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As we saw from an earlier post about whether and how artists should be paid, the place where art and finance meet (assuming such a place exists) is a site of contention, frustration, and not a little cynicism. If there exists a way to make money at all, it exists in protecting and managing access to the work (assuming there’s a demand, which is a whole separate issue). One of the ways to do this is via copyright.

But copyright is a complex and contentious issue too. And perhaps ironically, many open minded, free-spirited people out there (at least, among my friend and acquaintances) have pretty, well, liberal attitudes toward copyright–both possessing them, and respecting them. There are of course “fair use” laws, and alternate ways of legally defining one’s rights and intentions about one’s work, such as creative commons, but mostly artists just ignore this kind of stuff. Also, a whole lot of artists just download movies and music (and, no doubt soon, books) illegally.

So I want to pose a couple of questions about this, to everyone, of course, but mostly to the folks who responded to the last post by saying that yes, artists definitely deserve to get paid:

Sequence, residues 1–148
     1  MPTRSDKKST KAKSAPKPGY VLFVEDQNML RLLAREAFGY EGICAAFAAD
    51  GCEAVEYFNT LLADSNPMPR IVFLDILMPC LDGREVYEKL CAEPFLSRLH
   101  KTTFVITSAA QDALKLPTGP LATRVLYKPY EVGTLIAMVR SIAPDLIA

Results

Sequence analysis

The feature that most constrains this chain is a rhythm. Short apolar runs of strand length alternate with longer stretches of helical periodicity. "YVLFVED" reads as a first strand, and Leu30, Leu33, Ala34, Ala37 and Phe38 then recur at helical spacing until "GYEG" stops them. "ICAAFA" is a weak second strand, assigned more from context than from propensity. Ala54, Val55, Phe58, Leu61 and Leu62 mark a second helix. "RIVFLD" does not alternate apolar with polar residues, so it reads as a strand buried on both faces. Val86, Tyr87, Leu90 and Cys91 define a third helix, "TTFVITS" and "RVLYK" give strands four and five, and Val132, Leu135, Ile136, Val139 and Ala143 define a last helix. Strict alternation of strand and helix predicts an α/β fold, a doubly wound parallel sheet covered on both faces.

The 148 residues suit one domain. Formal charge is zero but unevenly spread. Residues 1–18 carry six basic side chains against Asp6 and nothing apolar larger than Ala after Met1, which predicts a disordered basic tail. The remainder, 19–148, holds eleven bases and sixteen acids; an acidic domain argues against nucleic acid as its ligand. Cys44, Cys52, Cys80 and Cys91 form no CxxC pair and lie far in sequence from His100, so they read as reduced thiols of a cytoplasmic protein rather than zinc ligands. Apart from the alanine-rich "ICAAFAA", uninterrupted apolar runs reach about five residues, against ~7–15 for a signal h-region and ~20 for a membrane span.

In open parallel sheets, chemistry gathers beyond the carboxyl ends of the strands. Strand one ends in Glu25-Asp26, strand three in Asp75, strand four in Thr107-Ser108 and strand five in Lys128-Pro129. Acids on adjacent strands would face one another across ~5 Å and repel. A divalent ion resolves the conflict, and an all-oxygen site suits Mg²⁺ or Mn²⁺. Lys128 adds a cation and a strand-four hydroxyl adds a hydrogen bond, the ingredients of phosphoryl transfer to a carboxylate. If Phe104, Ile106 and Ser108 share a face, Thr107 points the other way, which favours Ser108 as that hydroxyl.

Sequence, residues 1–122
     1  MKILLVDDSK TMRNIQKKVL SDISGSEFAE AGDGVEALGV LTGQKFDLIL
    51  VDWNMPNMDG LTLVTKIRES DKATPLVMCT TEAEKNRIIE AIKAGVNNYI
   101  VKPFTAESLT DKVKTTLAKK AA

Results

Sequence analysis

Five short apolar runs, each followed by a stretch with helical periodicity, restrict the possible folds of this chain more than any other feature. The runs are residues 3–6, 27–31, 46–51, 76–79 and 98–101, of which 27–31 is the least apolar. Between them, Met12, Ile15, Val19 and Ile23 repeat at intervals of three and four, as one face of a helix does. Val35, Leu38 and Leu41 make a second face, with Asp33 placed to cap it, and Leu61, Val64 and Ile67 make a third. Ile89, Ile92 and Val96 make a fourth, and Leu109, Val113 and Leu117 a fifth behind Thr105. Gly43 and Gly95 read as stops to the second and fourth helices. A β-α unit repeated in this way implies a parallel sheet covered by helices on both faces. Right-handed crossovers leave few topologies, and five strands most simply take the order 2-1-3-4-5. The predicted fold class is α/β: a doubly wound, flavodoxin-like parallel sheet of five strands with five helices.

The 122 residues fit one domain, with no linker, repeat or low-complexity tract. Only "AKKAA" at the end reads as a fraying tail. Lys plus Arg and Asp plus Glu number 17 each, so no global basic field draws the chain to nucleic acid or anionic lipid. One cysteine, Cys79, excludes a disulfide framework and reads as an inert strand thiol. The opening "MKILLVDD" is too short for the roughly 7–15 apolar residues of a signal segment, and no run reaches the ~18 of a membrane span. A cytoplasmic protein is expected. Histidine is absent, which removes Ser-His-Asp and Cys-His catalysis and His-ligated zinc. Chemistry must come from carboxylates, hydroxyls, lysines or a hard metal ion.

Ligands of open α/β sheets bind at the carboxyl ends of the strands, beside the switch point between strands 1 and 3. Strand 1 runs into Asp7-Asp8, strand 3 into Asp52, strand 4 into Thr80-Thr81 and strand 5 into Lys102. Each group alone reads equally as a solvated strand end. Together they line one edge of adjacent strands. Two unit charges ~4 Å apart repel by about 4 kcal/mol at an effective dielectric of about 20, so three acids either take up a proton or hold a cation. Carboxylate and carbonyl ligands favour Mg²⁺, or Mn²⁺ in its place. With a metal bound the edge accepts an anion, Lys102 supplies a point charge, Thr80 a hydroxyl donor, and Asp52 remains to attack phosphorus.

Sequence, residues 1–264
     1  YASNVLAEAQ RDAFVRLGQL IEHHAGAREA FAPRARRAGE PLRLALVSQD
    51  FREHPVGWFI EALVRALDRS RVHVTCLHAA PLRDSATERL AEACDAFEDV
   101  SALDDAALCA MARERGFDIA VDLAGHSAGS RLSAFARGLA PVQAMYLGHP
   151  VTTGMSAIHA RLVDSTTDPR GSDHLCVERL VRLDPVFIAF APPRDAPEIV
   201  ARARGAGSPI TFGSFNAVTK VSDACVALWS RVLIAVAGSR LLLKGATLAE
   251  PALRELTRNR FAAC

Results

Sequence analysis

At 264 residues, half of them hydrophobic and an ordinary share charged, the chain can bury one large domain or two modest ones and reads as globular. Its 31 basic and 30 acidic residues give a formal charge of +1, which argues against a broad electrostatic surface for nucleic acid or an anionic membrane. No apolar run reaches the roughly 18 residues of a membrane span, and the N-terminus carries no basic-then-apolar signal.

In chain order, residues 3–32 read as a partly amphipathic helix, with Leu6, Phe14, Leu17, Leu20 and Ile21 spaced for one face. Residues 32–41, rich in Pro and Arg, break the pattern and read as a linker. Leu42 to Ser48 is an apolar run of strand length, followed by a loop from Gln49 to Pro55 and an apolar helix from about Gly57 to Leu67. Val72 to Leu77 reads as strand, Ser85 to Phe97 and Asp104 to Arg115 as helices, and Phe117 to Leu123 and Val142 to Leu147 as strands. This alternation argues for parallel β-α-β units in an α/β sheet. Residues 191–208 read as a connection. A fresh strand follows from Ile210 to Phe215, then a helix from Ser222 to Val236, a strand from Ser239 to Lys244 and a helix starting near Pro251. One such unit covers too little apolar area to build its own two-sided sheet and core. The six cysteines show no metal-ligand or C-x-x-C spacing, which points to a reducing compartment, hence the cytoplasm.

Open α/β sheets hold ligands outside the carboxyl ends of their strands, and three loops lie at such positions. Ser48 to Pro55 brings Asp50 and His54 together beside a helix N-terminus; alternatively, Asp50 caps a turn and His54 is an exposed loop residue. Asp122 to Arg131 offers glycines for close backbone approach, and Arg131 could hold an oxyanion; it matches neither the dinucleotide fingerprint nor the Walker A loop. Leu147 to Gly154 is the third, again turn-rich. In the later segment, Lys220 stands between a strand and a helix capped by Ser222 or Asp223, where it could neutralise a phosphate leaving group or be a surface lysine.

1) Do you copyright your own work?

2) Do you respect other copyrights?


Over at Big Other, Roxane Gay–author, and editor at Pank Magazine–ruffles some feathers with her investigation into author payment among literary markets. That is, the lack thereof. Is exploitation too harsh a word?

At least one commenter seems to think editors are all but demonized by a readership sharing too much overlap with a community of authors wishing for publication from the same venues they’re trying (failing?) to support. It’s a contentious issue, as the comment thread suggests.

This writer has no realistic expectation that he’ll be paid for publication by smaller markets, but maintains fantasies about lucrative book contracts against all better judgment.

Is remuneration contrary to the purity of artistic ambition?